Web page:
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Canadian Urbanism Uncovered

SPACING: Spring issue release party March 28th!


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WHAT: Spacing spring 2014 release party & Jane Jacobs Prize ceremony
WHEN: Friday, March 28th, 2014
TIME: Jane Jacobs Prize ceremony: 5:30pm-7pm / release party: 7pm-12am
WHERE: 918 Bathurst Centre (918 Bathurst St., 1 block north of Bloor)
COST: free (mags $9)
RSVP: Optional to RSVP to our Facebook event listing

The upcoming issue of Spacing will hit newsstands in the first week of April. You can get it earlier by coming to our release party on Friday, March 28th at the amazing 918 Bathurst Centre.


This issue’s cover section tackles cycling in Toronto and the variety of topics, controversies, and stories inspired by riding around on two wheels. Our contributors examine how city hall can improve cycling in Toronto, why condo boards don’t like bikes, how the Green Loop is Scarborough can revolutionize cycling in the suburbs, why bike repair classes should be in all high schools, and much more.

The issue also features Spacing’s newest venture: the magazine is now the official stewards of the Jane Jacobs Prize. Since 1999, the organization Ideas That Matter (ITM) has been handing out the award to Toronto residents who have influenced the urban fabric of the city (Spacing was the winner in 2010).  The ITM team wanted to breathe new life into the award and asked Spacing to take over administering it moving forward. This new issue of Spacing features a profile on the two 2014 winners (their identities will be revealed on March 25th).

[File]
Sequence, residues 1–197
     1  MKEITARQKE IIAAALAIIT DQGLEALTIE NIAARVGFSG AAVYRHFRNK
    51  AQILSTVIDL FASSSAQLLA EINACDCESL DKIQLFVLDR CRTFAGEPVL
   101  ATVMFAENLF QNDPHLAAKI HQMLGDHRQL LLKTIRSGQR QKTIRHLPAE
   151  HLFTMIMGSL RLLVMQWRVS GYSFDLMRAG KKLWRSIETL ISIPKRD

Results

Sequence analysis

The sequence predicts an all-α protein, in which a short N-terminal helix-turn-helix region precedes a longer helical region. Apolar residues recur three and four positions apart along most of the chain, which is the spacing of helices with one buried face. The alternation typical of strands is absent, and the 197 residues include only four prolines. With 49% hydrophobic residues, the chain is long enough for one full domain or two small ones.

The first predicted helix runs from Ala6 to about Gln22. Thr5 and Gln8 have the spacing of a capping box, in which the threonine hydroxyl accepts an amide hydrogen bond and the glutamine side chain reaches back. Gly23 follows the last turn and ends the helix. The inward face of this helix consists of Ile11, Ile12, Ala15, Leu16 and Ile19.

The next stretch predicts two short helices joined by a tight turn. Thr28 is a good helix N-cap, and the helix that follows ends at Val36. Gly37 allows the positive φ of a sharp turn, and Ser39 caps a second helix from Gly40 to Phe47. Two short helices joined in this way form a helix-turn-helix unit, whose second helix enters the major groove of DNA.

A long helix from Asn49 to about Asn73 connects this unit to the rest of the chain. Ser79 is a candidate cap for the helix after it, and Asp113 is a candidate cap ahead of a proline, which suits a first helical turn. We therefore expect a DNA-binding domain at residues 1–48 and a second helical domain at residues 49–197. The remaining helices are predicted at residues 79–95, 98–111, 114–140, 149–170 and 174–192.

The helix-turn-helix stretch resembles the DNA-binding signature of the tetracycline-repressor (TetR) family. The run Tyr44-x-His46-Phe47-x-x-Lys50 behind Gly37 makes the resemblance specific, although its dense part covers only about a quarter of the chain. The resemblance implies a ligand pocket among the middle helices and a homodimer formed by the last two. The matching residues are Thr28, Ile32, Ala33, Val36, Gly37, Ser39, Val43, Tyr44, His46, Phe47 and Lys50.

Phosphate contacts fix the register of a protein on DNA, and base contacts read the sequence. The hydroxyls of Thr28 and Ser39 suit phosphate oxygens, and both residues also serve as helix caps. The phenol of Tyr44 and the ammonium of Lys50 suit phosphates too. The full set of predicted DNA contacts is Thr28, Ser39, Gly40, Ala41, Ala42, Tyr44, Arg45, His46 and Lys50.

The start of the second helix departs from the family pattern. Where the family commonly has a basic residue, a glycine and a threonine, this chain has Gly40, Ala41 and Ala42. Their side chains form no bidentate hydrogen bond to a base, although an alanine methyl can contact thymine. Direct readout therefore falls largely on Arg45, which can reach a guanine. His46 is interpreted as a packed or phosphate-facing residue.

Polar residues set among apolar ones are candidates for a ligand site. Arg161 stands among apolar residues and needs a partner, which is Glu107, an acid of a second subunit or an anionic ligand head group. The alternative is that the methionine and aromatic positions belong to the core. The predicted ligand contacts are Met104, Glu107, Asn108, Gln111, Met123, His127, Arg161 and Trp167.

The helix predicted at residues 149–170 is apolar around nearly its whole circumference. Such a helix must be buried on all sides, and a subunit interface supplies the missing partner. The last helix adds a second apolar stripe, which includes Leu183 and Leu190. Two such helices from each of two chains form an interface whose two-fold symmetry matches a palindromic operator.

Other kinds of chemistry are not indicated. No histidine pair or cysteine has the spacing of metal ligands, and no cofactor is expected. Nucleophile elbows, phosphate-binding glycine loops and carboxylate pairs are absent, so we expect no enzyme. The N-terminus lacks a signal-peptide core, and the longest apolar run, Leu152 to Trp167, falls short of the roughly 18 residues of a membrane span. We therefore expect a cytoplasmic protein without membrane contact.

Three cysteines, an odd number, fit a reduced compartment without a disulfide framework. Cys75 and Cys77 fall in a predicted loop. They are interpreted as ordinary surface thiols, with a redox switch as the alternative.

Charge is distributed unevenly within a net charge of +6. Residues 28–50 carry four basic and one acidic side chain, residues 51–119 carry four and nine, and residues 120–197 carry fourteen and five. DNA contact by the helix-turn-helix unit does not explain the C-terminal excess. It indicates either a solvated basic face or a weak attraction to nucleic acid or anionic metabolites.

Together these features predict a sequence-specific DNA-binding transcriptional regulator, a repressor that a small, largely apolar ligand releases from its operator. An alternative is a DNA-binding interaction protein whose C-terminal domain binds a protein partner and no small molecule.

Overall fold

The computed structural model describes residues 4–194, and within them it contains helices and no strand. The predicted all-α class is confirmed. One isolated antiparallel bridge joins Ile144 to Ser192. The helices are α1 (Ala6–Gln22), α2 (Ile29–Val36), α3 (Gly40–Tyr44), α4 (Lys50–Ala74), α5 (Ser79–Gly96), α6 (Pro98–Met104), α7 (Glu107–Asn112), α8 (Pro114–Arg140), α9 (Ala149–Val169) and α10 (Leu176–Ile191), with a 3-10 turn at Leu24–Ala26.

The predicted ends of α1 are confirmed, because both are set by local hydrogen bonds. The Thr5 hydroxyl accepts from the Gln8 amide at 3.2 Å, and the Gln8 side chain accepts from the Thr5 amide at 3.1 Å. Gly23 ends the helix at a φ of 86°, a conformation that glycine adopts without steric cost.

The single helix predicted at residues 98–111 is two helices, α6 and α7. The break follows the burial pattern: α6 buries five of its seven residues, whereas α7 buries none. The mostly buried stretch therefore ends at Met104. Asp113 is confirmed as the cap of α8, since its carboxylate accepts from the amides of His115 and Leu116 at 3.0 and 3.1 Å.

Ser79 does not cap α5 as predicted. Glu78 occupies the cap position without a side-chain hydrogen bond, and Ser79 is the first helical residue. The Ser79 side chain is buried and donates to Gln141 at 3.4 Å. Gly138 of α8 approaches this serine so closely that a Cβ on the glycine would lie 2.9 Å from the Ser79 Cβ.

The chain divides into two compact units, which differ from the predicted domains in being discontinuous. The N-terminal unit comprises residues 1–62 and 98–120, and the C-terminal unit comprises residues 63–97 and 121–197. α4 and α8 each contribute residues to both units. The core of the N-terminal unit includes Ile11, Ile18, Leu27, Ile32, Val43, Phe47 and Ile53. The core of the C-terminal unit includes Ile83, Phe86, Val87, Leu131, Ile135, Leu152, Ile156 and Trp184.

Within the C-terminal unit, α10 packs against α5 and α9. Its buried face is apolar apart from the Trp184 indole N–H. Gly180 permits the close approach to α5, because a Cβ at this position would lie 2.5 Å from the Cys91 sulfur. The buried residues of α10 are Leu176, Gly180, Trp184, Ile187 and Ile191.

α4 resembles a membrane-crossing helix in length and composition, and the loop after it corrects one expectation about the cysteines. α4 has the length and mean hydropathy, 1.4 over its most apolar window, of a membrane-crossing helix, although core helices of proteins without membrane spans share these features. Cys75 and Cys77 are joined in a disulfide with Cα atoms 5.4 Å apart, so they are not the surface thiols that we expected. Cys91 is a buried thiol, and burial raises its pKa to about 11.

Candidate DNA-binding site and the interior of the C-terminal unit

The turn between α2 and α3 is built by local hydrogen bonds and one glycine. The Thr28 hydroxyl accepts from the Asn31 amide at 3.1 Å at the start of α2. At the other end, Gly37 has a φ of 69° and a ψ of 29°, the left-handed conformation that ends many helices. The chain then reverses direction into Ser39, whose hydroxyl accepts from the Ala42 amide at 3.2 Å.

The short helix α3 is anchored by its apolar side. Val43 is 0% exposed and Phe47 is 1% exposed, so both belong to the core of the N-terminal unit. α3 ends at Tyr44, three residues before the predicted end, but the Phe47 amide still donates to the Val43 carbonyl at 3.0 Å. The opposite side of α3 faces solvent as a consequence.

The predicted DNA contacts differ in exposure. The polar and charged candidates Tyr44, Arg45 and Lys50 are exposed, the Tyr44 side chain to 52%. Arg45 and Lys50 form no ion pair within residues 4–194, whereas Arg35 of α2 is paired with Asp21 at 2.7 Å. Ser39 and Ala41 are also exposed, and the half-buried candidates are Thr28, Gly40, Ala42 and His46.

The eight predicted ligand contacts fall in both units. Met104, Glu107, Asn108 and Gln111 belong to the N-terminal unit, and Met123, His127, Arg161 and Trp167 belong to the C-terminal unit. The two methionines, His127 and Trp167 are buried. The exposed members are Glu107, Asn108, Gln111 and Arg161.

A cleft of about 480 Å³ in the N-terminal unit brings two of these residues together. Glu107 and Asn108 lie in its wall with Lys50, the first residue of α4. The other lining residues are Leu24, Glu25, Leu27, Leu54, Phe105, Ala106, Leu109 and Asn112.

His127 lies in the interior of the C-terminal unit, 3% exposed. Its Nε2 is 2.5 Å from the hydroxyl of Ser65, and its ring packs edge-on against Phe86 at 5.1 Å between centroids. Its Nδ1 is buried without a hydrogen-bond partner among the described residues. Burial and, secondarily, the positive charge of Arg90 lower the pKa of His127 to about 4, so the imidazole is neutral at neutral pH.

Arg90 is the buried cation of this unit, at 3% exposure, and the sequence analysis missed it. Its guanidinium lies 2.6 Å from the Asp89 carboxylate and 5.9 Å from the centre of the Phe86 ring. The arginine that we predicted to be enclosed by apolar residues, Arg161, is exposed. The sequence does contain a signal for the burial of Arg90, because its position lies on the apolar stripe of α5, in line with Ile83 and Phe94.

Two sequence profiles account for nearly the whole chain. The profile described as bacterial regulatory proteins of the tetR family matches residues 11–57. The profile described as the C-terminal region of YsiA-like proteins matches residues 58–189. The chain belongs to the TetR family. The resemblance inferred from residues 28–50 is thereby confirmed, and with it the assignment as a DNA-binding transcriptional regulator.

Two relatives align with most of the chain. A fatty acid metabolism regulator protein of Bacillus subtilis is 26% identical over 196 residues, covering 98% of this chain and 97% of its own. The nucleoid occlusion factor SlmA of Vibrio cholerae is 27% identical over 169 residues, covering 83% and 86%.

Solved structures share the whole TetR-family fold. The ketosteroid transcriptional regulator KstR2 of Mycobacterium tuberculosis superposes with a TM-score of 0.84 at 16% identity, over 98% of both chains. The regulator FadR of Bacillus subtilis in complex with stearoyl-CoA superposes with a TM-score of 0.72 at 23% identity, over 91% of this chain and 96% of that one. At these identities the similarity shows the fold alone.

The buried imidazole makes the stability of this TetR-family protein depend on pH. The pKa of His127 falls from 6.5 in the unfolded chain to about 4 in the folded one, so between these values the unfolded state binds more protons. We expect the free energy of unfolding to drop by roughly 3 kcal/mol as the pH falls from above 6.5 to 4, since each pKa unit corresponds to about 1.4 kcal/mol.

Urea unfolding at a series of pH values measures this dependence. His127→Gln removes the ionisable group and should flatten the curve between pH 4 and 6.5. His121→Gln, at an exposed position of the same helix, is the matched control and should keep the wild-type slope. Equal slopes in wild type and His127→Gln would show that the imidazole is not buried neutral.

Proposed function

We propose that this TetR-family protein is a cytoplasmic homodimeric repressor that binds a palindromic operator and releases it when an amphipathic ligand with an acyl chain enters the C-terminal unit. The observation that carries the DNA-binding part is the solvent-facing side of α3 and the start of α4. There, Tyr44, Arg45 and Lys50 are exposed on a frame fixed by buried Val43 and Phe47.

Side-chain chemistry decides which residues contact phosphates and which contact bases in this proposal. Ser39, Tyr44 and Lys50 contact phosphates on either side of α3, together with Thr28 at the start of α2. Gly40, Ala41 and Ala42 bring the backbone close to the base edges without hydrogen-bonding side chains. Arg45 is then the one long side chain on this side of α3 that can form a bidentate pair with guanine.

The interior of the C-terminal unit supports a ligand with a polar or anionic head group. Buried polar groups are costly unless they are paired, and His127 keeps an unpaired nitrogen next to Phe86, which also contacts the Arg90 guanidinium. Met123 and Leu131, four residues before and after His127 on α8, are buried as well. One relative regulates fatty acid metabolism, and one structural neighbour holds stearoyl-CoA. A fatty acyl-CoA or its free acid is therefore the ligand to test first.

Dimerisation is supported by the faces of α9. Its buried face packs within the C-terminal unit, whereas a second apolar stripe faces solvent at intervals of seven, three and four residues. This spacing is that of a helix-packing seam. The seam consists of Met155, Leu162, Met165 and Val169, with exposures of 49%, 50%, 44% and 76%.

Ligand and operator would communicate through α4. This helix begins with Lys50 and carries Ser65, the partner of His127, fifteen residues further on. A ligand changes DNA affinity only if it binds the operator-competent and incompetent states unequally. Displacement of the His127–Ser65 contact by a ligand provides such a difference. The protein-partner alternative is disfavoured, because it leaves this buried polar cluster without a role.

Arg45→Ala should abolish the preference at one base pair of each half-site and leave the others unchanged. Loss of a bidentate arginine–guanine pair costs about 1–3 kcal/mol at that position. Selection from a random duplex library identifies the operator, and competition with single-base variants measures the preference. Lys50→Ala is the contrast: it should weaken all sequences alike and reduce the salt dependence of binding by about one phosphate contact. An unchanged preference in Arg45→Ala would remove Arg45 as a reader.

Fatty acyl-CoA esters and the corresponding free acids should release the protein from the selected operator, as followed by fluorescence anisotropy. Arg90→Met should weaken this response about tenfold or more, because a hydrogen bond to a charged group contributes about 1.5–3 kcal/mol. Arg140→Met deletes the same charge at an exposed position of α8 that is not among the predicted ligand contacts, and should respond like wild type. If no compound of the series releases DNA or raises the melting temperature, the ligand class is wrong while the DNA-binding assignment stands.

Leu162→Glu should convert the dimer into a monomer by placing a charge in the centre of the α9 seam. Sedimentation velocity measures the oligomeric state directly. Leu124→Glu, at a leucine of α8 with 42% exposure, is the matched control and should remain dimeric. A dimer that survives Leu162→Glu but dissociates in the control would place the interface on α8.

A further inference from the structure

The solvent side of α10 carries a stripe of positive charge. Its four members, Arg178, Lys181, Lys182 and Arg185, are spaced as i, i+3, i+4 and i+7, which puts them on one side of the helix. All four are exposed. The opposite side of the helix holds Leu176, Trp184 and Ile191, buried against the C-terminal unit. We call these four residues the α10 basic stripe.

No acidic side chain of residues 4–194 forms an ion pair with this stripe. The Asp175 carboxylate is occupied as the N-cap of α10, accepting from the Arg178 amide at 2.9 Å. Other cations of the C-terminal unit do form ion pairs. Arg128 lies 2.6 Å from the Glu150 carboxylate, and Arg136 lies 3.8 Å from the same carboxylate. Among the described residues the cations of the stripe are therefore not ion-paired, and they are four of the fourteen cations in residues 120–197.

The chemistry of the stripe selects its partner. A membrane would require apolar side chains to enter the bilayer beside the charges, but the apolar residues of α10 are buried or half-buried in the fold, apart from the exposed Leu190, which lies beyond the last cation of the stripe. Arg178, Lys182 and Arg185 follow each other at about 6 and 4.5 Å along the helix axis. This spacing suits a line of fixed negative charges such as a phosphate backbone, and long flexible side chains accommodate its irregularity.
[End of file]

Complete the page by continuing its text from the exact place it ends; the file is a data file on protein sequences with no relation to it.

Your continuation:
Come to the party early (5:30pm) to see the 2014 recipients of the Jane Jacobs Prize accept their awards and hear about their stories. Check out our web pages for more background on the Jane Jacobs Prize.

Joel Weeks Park

Contributing editor Edward Keenan (senior editor at The Grid) contributes a personal essay about the legacy of Joel Weeks, a friend of his who died in 1982 when he drowned in a Don River storm sewer. This emotionally-moving feature explores the fight to name a renovated park after Joel and the idea of who “owns” memories of the city.

You can also see the results of our Transit Poster Contest in this issue. Also included in this issue: the moving history of Toronto’s shoreline, design ideas for urban mailboxes, how to organize a subway party for kids, and a profile of sidewalk artist Victor Fraser.